Advice for starting a darkroom.greenspun.com : LUSENET : B&W Photo - Printing & Finishing : One Thread
In the past year I have become extremely interested in photography. I was developing and printing my own pictures at my school, but the darkroom there recently became unavailable to me. I'm thinking about seting up my own darkroom, but being a beginer I don't know much about different kinds of enlargers. Could someone advise to me what I would need to look for in a good black and white enlarger for 35mm negatives, or where I could find information about enlargers.
-- Rachel Dobhran (email@example.com), July 18, 1999
In general, a diffusion enlarger will give you prints with a better tonal scale than a condenser enlarger. You might look for a used Omega B22 (about $100), or some other modest Omega (6x6 or 6x7) with a color head (under $300). A small Durst might be another good choice. Personally, I would stay away from the Beseler 23C. I have one and find that the illumination is very uneven. Also, the tiltable lens board makes alignment problematical.
A good lens is a lifetime investment, so buy the best lens you can afford. The old series of Componons (pre "S"), with the chrome barrels, are very good buys. (Rodagons and Nikkors are also very good.) A 50mm lens is usually the choice for printing 35mm, though, if you plan on making only small prints, an 80mm would be better and would double for 6x6, should you ever decide to get into medium format. A used 50mm Componon should cost no more than $100.
Many people, though they are only printing 35mm to start, take the plunge and buy a 4x5 enlarger. Used Omega D-2s are available very cheap; I've seen them for as little as $300 with a cold light (florescent) head. An enlarger such as this will never become obsolete: heads, boards, carriers and various other accessories are inexpensive and plentiful on the used market.
When buying a used enlarger, look for deals that include extra boards and carriers. These items can add extra cost if purchased separately. In general, don't be seduced into buying the latest and most expensive machine. An enlarger is a very simple device and many of the finest photographers use extremely modest darkroom equipment. Remember that Edward Weston's darkroom consisted of a few trays, a printing frame and a bare light bulb.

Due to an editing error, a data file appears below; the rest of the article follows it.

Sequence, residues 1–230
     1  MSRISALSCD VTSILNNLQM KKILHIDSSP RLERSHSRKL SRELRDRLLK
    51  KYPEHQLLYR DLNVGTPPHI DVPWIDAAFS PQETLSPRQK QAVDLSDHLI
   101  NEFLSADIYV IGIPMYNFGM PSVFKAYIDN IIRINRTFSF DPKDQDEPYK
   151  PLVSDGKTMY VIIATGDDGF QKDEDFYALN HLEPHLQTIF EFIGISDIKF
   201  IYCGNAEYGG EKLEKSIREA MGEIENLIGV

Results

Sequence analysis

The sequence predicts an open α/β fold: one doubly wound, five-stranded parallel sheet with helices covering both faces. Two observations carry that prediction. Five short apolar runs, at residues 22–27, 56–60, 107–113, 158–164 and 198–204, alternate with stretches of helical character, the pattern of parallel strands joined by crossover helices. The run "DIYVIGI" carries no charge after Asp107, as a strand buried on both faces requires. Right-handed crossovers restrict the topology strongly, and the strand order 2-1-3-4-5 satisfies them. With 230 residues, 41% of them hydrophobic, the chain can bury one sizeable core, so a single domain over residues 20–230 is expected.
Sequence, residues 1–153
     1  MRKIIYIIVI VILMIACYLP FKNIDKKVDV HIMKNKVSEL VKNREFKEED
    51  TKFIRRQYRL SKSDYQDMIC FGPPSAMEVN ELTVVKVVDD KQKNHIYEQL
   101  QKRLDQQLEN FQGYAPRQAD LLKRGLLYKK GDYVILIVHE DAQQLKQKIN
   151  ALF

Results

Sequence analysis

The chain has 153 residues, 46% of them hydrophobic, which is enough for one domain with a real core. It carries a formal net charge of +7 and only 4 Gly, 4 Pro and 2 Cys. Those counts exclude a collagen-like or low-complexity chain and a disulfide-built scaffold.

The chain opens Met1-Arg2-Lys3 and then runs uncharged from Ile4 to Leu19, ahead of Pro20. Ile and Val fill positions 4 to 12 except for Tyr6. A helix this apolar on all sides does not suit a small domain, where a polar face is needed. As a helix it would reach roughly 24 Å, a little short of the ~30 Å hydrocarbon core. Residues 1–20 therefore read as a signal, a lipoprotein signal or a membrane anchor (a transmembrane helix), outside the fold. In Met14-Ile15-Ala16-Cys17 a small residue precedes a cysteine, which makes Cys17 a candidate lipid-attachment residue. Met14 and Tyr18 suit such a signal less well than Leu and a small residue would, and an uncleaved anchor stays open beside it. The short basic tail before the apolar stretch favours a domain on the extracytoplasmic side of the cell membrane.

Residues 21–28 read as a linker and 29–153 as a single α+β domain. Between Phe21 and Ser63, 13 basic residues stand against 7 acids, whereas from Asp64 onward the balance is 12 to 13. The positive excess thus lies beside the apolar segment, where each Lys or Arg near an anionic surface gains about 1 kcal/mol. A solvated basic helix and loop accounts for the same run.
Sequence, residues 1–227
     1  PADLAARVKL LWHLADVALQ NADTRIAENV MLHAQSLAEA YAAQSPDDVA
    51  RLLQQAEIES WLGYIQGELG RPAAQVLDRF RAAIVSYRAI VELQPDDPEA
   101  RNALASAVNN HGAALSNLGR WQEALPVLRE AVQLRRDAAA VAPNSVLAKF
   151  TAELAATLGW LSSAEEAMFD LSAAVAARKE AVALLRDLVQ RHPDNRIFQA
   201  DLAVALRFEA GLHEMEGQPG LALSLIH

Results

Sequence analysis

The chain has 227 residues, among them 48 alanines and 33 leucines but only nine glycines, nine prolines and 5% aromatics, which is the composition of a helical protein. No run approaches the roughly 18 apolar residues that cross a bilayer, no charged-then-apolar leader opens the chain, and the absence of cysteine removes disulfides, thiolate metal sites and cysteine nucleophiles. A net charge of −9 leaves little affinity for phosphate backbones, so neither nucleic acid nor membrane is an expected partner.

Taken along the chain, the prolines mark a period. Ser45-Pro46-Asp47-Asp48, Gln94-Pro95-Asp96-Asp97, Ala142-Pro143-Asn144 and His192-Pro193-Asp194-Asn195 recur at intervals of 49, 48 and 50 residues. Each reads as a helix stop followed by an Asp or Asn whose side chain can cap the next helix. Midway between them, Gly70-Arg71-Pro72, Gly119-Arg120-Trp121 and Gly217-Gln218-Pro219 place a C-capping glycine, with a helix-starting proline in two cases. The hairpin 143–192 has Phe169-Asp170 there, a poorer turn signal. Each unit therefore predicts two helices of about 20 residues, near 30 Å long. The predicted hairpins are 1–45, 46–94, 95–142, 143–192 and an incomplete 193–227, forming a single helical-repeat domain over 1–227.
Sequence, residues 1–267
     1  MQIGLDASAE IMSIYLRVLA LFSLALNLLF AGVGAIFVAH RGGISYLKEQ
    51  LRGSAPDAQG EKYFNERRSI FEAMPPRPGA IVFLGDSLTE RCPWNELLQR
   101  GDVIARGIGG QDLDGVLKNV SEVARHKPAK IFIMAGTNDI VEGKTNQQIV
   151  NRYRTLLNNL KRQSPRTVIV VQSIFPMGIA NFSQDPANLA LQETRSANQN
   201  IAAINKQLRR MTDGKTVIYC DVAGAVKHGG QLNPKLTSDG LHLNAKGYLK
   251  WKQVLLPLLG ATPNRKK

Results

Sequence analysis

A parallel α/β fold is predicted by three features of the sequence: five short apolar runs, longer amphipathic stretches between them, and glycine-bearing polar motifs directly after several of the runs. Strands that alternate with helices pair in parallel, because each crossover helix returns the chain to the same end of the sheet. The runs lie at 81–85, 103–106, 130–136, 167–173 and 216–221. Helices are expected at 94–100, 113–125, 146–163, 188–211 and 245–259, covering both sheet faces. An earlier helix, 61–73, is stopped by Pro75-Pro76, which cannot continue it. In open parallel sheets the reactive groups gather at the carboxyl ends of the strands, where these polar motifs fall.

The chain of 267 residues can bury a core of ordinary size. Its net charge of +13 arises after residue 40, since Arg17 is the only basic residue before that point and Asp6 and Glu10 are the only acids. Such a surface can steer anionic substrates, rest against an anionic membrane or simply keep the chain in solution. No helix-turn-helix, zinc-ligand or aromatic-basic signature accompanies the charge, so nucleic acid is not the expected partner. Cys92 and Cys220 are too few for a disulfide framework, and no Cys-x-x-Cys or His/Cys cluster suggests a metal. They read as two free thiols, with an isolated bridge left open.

-- Peter Hughes (firstname.lastname@example.org), July 18, 1999.
Check the archives on this site. I wrote a series of articles on setting up a commercial darkroom, including what to look for in enlargers. Look for the "Brilliant Mistakes" links.
-- Darron Spohn (email@example.com), July 19, 1999.
Check the Film And Processing section of this bboard for answers to Alaina Brianne Ashley, who also wants to set up a darkroom. A big library should have several books on the subject. If there is a camera club in your area, you might join for advice, companionship, and inspiration. Those of us who have been through this several times--I've set up six darkrooms of my own, and used several more-- have learned lots of shortcuts and money saving tips. Certainly I, and probably most others on the bulletin board, will be glad to answer questions from someone who is where we were many years ago.
-- jim jones (firstname.lastname@example.org), July 23, 1999.
There is a lot of information at http://darkroomsource.com/
Yes, I know this is a plug, but I don't see how I can write everything here that I've written there.
-- Andy Hughes (email@example.com), August 05, 1999.
If Andy didn't make the plug for his darkroom site, I would have. It was suggested to me on another board and I checked it out. It's a great site for someone just starting out.
The advice about the Omega B and D enlargers is good, too. I picked up an Omega B600 plus everything to setup a darkroom for $25 at a tag sale. The enlarger is in excellent condition. I picked up a D2 with 3 lenses and various other accessories for $200.
Another book is "Building a Home Darkroom" by the Kodak Workshop series.
-- Mary Frazier (firstname.lastname@example.org), September 04, 1999.